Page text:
Sunnybrook Magazine Sunnybrook Magazine - Spring 2020

Charitable fund brings comfort to patients through their cancer journey

Jason Fiorotto.

(Photography by Doug Nicholson)


Losing someone you love presents a choice.

Jason Fiorotto knew he could let his grief consume him, or he could try to channel his pain into something positive.

He remembers the night in 2017 when he gathered with family and friends to choose the latter option. Still reeling from the loss of his beloved wife of 14 years to breast cancer just a few months earlier, Jason’s agenda that evening was clear.

“We came together to decide how we could honour Tory in the best way possible,” he remembers. “I knew we could either let grief take over us, or use it to benefit the lives of others.”

And so The Tory Day Fund was created to fulfill one of Tory’s final wishes: to bring comfort to patients undergoing cancer treatment.

Even within a world-class treatment facility like Sunnybrook’s Odette Cancer Centre, Tory experienced first-hand just how gruelling chemotherapy and radiation treatment can be. She learned how any comfort, no matter how small, could ease the toll of treatments.

Since that night in 2017, The Tory Day Fund has raised more than $250,000 for initiatives that bring more comfort to cancer patients – including $70,000 for patients at the Odette Cancer Centre – making it one of Sunnybrook’s largest community-driven fundraising campaigns.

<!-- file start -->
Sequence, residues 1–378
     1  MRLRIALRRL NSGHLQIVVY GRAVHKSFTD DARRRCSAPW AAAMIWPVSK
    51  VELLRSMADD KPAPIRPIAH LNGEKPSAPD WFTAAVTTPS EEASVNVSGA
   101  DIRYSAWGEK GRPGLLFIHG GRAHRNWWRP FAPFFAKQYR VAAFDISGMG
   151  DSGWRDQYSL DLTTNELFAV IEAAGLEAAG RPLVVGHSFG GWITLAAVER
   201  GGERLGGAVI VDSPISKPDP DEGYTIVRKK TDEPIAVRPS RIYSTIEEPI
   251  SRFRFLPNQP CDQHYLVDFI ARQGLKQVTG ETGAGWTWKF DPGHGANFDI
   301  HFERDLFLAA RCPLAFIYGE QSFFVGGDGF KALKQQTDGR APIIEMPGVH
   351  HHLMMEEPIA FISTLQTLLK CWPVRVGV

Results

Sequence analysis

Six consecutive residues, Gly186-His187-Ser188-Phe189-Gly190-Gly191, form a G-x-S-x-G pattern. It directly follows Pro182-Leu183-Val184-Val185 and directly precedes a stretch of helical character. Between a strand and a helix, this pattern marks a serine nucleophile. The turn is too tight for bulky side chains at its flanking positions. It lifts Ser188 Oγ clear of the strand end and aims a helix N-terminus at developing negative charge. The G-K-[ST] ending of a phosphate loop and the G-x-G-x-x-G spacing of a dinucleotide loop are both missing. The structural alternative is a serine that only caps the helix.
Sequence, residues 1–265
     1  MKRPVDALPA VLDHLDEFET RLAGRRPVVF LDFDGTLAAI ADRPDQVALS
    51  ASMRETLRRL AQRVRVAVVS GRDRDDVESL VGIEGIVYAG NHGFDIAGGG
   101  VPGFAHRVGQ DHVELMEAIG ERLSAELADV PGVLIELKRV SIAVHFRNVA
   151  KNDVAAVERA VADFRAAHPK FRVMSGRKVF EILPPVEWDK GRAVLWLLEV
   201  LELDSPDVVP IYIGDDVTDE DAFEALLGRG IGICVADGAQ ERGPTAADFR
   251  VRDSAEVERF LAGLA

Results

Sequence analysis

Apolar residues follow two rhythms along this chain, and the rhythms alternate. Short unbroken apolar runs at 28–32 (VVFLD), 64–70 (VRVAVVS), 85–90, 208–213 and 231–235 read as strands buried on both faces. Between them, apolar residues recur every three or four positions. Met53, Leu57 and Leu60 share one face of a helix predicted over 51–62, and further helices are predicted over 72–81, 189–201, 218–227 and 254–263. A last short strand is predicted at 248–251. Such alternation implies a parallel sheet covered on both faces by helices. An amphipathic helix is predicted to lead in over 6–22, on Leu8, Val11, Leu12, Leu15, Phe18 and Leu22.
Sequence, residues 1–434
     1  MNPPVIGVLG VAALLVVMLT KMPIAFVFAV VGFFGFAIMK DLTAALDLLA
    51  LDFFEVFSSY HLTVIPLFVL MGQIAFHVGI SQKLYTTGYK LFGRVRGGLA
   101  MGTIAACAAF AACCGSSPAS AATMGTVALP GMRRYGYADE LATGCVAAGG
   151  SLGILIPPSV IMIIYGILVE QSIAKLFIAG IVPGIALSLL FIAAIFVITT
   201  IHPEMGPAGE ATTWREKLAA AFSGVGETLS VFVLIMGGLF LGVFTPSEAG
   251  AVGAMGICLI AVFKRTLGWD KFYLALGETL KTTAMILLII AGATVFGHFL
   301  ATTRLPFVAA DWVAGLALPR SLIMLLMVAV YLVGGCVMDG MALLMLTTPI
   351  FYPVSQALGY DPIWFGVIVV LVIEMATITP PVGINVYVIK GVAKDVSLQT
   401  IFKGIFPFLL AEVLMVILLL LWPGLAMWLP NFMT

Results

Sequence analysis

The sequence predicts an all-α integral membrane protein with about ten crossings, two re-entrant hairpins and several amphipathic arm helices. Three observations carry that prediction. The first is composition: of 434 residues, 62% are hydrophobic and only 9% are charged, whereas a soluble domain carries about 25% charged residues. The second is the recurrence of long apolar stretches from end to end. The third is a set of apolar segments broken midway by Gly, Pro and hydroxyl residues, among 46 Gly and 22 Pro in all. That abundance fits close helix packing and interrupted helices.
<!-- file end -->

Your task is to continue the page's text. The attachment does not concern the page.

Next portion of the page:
At the heart of it all is Tory, and the riotous laughter and limitless love that Jason says made her an extraordinary wife, mother and friend.

A tribute to Tory

Jason says the remarkable fundraising success of The Tory Day Fund is due to the ability of his family and friends to share who Tory was in the most authentic way possible.

“When we’re fundraising, our first task is making sure that people who didn’t know Tory get a sense of who she was,” he explains. “And we want to share her story in a positive way, because that is most true to her.”

Jason with his late wife, Tory, and daughter, Kate. Photo courtesy of Jason Fiorotto. (Photo courtesy of Jason Fiorotto)

For Jason, Tory always made everything better.

She could kick any party into high gear, he says. She would go to great lengths just to get a laugh out of a friend.

“She loved nothing more than just stirring it up, just bringing total lunacy into our lives,” Jason says.

It made perfect sense when one of Tory’s oldest friends suggested calling The Tory Day Fund’s signature annual fundraising event the “Night of Nonsense,” a raucous evening of silliness to raise money for a great cause.

“Of course, you can’t manufacture nonsense,” says Jason of the event-planning process. “Nonsense has to happen organically, so we make sure the night celebrates all the things Tory loved. We have a glass of bubbly at the door for everyone with pink candy floss on the rim – it was Tory’s favourite colour and whimsical, just like her.”

Tory was also a ’70s girl, raised on disco, classic rock and her favourite, Stevie Wonder. That means no Night of Nonsense is complete without a live band playing “Sir Duke” and “Superstition.”